plays Elmo McElroy, a kilt-wearing, golf-obsessed illegal chemist
who arrives in Liverpool to clinch a $20 million drugs deal with
local baron Ricky Tomlinson.
his old Stateside boss, the Lizard (Loaf), has sent Emily Mortimer's
skilled assassin after him. Teaming up with Yank-hating small-time
hood Felix De Souza (Carlyle), McElroy must seal the deal before
anyone can off him, sidestepping local skinheads and Sean Pertwee's
bent copper along the way.
silly? Well, of course it is. But that's largely its strength -
here's a British flick gleefully unconcerned with plausibility,
yet just as determined to entertain you.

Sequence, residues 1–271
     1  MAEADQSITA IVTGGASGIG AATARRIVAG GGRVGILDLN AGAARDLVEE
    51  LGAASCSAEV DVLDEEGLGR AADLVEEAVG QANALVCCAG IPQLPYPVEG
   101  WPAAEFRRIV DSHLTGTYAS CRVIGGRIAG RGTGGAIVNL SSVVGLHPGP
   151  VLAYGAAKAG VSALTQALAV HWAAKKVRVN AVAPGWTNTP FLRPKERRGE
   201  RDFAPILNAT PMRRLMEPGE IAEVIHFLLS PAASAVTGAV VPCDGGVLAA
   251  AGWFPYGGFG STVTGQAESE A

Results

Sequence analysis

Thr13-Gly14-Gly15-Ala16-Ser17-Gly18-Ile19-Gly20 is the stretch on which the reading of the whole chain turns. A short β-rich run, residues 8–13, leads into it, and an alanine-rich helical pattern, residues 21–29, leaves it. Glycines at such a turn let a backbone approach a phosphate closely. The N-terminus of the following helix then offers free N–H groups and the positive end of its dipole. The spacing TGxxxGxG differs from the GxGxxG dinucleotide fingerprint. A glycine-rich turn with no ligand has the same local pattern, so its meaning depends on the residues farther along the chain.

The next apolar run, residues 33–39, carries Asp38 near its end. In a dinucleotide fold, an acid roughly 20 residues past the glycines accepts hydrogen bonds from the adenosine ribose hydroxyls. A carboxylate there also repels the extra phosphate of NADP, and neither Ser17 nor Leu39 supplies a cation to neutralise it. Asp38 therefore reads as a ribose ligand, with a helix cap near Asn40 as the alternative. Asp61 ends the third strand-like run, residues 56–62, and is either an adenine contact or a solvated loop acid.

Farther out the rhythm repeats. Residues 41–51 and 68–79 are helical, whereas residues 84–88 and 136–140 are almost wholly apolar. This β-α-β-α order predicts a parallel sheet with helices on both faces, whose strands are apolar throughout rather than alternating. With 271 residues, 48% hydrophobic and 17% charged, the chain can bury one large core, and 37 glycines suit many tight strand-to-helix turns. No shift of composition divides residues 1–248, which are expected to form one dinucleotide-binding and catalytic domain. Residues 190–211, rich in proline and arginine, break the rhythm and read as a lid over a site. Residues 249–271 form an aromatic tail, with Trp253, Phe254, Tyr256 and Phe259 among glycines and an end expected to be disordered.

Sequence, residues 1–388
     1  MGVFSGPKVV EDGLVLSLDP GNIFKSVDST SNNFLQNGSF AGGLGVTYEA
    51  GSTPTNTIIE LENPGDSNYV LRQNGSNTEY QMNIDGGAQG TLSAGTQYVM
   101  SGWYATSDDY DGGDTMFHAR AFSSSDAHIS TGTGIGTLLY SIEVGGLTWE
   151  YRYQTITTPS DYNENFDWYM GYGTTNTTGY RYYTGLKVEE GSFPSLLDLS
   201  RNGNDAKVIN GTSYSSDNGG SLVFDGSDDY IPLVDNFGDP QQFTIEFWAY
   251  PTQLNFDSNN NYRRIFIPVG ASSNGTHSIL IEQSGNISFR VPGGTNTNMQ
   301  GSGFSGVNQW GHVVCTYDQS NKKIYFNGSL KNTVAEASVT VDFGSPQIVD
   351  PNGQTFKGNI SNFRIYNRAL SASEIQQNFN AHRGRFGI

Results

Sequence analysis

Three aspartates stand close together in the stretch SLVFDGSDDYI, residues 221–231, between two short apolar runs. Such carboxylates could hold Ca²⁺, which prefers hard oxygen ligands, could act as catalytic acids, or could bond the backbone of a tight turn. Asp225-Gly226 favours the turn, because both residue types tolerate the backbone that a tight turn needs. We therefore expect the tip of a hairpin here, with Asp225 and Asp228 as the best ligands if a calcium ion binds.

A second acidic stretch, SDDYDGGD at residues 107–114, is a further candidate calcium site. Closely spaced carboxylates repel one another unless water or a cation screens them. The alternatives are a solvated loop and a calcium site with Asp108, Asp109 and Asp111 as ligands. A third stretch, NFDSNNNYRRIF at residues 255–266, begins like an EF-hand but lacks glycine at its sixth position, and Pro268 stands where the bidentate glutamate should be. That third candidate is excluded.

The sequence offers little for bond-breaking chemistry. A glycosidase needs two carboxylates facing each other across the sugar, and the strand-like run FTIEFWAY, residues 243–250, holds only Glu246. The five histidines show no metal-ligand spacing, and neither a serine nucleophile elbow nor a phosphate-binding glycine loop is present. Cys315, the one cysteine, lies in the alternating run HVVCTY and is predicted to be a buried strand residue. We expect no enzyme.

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Stel Pavlou's Tarantino-esque dialogue is good, but it's Hong Kong
director Ronny Yu who makes it work. Splicing the action together
with his trademark zeal, frenetically pounding the story onwards,
Yu doesn't give the audience time to think, let alone pick holes.
It's all a little overwhelming in the opening 20 minutes, but once
it settles down, "The 51st State" becomes quite irresistible.
The culture clash interplay between Jackson and Carlyle is a joy,
with Jackson relishing some killer one-liners while strutting round
Merseyside in a kilt. Why? Best not to ask. Just enjoy.
"The 51st State" opens in UK cinemas on Friday 7th December 2001.
Reviewed by Nev
Pierce, BBC Films.